Sunday, October 21, 2012

How things change...

Way back when I was a naive undergraduate I worked for a physician. It was probably my biggest learning experience in a job ever. My first really professional type position. And the physician I worked with became a strong mentor for me over those 5 years I worked for him.

I remember one lunch we went to he told me about his ex-wife. They had gone to medical school together, but the marriage couldn't survive two medical students and two careers at critical points. He told me that she was moving home, giving up medicine (after hundreds of thousands of dollars of school debt) and was opening a deli.

I remember wondering how this could even be? Is it that these people you hear about just never really know what they want? Are they just flakey? Why in the world would you go to years of schooling and pay so much only to hit 40-ish and call it all quits? What is wrong with them?

Naive. I think if everyone who switched gears mid-stream stopped and paused in college with 20-20 hindsite, very very few people would ever graduate - or at least graduate in 4-5 years.

I work with a nuclear physicist who I cannot imagine him doing anything else in life. Neither can he. We travelled together recently and in his mid-40's, nuclear physics is all he ever wanted to do and all he ever wants to do - even at the expense of having a family, traveling, etc. Nuclear physics is what makes him happy.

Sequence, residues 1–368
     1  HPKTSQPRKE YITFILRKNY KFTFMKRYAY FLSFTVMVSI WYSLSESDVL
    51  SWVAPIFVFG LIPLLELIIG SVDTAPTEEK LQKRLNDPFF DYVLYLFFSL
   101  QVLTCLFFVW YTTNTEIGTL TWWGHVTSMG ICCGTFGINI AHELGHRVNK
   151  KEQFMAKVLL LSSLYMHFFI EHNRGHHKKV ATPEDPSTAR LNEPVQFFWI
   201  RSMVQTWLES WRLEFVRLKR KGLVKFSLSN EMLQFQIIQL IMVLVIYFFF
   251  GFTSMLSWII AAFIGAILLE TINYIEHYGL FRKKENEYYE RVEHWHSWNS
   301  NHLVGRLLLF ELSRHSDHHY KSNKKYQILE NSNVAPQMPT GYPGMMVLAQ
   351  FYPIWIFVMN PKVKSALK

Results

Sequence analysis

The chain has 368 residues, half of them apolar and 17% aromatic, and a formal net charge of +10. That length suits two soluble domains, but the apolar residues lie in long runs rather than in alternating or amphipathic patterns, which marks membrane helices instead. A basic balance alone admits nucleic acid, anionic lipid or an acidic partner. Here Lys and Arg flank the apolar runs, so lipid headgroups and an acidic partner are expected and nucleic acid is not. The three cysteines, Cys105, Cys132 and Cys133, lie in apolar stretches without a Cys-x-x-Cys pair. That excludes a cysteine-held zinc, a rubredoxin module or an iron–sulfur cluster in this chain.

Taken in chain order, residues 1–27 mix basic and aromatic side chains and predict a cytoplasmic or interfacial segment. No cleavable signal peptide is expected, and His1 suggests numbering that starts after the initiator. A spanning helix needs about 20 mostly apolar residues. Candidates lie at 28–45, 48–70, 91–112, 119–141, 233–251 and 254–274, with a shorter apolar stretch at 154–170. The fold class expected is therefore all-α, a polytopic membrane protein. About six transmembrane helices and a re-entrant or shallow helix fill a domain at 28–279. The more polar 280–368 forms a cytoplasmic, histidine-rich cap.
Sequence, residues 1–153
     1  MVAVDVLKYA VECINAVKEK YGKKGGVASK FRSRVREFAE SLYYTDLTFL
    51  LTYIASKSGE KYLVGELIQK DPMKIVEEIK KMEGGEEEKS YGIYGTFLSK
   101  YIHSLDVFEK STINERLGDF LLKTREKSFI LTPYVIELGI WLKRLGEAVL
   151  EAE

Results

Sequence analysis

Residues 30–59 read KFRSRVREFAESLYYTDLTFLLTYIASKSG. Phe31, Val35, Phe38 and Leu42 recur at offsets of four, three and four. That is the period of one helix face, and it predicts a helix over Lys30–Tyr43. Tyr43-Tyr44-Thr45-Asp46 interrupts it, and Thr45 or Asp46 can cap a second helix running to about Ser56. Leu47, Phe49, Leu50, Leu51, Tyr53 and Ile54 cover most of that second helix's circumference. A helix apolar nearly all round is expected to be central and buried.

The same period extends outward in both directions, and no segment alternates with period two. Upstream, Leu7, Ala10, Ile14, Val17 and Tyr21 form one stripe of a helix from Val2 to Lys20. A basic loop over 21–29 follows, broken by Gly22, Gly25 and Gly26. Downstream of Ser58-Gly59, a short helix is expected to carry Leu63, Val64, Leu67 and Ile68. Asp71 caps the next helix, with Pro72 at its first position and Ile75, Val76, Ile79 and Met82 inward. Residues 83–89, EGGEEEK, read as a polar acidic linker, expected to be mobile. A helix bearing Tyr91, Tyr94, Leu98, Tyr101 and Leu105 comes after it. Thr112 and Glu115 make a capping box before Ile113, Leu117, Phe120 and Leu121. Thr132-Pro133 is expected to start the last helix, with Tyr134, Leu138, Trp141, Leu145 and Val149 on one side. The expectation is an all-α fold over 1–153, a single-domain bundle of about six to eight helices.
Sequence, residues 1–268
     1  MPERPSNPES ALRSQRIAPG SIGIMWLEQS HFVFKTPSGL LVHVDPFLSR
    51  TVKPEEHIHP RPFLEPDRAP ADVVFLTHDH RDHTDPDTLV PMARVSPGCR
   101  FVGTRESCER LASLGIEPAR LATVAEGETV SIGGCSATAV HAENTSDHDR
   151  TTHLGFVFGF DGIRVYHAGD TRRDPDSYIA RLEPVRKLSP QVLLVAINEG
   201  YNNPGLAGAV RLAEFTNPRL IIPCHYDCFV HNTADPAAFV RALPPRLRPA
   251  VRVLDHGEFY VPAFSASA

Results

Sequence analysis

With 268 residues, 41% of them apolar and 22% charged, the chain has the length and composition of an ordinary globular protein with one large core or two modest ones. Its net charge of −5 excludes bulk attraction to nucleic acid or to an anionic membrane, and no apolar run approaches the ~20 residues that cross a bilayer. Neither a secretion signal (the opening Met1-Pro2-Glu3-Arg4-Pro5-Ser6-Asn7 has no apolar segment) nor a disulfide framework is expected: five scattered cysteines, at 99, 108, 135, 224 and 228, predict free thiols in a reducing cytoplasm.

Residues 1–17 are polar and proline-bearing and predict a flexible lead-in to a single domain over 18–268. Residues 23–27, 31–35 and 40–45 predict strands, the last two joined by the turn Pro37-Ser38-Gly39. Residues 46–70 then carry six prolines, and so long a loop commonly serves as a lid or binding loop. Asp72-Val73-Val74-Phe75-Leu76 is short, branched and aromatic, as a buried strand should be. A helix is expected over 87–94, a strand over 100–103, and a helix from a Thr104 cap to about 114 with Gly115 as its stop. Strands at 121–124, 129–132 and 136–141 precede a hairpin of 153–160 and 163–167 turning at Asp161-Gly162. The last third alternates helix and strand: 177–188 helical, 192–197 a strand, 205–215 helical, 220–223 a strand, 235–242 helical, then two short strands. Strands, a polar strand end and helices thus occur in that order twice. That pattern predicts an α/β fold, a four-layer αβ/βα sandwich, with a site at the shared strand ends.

He is rare. I think the vast majority of us are NOT like him (at least I hope) and while we aren't necessarily inclined to start over, maybe it is just a slight modification on what we did to get to the mid-career level.

My best friend jumped ship from HP and then bought a flower shop. But I look at her and working at HP isn't what you would peg her for when you meet her. The flower shop suits her perfectly!

Maybe my physician's wife - maybe running a deli in her small town is what suited her.

I never really questioned my own career goals in life - I wanted to be a scientist of some type throughout much of my schooling. Though right now I have to admit right now that science, totally interesting and love the knowledge, doing it is far less interesting to me.

A scientist friend of mine was forced to leave science due to medical issues a few years ago. She finally has her health nearly back and is contemplating what she wants to do with her life - and working in a lab isn't it.

As AB and I ponder our path forward this coming year between his contract end, a possible new job for him or even maybe a move for the family, I start wondering what I want to do. I still love technology and can't imagine running a flower shop, or a deli myself, but I can't help but wonder what else, in the area of technology advancements is out there?

No comments: